In some respects, the Proposed Rule represents a codification of the status quo. With the Proposed Rule, the Agencies appear to be attempting to increase regulatory certainty by codifying the “pre-2015 regulatory regime,” with specific revisions to the definition of WOTUS to account for Supreme Court precedent and long-established policy governing jurisdictional determinations.

However, while the Proposed Rule formalizes the longstanding practices of the Agencies, it does not advance or simplify the approach to the jurisdictional determination process beyond what the Supreme Court has articulated under Rapanos. Underscoring the complexities involved with certain jurisdictional determinations using the “pre-2015 regulatory regime,” the Proposed Rule contains a lengthy discussion of the Agencies’ “Implementation of the Proposed Rule.” Reliance on the “relatively permanent” or “significant nexus” standard has historically led to significant uncertainty when it comes to jurisdictional determinations for ditches, intermittent and ephemeral streams, wetlands and other open waters that may be considered adjacent to those ditches or streams. As such, businesses and project proponents that regularly have to comply with Clean Water Act section 402 and 404 permitting requirements should consider submitting comments on the Proposed Rule.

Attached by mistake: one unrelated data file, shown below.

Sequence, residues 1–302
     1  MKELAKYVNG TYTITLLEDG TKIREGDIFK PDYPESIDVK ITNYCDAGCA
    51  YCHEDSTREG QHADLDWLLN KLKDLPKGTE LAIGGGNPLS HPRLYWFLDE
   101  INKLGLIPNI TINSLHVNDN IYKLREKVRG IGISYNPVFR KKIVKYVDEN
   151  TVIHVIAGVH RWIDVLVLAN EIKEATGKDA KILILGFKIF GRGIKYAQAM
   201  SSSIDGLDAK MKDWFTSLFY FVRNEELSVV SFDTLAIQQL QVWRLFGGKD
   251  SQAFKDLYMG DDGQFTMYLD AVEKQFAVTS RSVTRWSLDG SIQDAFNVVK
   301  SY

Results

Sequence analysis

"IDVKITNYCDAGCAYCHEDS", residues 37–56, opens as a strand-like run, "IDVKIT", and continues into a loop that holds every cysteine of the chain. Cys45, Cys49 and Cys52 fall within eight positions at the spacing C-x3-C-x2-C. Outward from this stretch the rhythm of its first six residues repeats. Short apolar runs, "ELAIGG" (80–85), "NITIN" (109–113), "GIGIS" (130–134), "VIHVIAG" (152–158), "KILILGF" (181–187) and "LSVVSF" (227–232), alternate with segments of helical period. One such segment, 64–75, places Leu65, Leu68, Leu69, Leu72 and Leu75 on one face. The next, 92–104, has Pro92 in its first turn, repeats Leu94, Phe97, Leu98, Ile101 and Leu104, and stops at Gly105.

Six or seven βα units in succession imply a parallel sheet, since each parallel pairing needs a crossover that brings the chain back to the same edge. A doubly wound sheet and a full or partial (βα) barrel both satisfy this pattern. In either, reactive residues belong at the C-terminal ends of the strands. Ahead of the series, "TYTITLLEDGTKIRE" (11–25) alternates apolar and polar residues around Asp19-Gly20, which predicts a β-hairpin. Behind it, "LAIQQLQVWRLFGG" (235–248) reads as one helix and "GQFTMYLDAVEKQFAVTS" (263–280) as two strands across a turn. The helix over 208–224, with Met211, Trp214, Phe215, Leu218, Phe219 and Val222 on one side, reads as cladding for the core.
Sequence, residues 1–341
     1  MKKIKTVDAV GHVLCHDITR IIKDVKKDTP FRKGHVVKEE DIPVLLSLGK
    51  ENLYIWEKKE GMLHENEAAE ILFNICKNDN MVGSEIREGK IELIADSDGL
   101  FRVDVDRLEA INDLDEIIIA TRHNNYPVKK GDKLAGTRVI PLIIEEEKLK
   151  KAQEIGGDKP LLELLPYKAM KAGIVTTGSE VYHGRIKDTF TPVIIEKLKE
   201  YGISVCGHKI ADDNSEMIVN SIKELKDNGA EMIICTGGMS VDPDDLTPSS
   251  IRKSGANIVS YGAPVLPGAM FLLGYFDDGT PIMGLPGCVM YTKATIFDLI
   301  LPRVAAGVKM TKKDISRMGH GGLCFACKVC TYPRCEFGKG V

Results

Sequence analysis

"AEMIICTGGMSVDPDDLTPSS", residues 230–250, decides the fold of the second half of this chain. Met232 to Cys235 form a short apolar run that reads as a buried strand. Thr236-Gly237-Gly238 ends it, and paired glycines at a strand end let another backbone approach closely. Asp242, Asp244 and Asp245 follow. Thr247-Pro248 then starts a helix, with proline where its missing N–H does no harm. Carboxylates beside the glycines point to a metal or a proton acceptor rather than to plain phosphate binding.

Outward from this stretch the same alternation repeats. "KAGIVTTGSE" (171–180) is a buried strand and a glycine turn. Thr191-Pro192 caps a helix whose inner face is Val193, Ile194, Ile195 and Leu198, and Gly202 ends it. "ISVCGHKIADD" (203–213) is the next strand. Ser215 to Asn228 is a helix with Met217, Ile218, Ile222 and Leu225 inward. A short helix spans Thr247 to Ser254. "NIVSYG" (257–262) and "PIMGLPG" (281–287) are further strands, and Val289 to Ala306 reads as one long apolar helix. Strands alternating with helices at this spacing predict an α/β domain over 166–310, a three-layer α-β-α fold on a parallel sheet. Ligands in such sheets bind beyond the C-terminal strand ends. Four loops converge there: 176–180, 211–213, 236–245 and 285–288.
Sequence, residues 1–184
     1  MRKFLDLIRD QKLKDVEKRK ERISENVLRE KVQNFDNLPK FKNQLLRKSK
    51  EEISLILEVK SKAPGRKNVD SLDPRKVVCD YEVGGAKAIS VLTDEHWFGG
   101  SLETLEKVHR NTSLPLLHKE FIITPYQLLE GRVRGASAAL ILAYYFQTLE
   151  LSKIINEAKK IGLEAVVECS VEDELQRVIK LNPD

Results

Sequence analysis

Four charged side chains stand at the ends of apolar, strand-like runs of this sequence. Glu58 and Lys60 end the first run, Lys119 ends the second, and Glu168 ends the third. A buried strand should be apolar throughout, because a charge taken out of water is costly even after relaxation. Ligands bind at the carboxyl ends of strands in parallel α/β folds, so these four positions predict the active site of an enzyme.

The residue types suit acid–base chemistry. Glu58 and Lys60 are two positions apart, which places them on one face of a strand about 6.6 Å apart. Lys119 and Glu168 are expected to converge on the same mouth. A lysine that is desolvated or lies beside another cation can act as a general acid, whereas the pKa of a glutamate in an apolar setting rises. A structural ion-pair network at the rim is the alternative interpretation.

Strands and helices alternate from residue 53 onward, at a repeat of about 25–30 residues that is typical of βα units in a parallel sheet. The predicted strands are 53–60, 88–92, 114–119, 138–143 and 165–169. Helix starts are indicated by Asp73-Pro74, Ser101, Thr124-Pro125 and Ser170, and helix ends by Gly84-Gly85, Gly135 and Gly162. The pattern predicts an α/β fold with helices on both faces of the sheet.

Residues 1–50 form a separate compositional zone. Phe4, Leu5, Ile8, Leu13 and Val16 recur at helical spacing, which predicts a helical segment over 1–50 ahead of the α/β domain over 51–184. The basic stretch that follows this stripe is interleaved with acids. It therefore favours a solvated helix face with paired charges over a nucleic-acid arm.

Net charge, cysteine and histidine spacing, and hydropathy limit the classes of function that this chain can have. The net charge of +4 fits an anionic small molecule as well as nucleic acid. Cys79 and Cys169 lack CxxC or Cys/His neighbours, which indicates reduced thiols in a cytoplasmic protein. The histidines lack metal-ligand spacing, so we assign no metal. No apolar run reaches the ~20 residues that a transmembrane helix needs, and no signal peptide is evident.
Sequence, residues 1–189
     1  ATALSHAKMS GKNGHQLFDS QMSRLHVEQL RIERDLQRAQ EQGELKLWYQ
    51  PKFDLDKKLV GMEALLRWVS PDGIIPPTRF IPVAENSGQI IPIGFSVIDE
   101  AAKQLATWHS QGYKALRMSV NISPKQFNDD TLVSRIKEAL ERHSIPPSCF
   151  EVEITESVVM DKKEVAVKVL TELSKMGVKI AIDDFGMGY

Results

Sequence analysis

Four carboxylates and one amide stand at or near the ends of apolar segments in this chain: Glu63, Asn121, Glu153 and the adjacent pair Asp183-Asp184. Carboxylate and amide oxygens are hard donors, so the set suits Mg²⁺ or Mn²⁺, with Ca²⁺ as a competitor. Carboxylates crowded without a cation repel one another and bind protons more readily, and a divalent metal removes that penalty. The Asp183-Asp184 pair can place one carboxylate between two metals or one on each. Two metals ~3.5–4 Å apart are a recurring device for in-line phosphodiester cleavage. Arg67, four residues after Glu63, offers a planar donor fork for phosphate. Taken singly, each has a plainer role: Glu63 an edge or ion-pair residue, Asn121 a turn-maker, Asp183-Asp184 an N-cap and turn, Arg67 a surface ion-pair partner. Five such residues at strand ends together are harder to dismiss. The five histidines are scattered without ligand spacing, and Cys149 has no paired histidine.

Finally, it should also be noted that the Clean Water Act does not preclude states from regulating all waters within their borders, regardless of whether those waters meet the definition of WOTUS. States retain a great deal of discretion to regulate wetlands and water quality under state laws, and in some instances, may have regulations more expansive and stringent than those issued by the Agencies.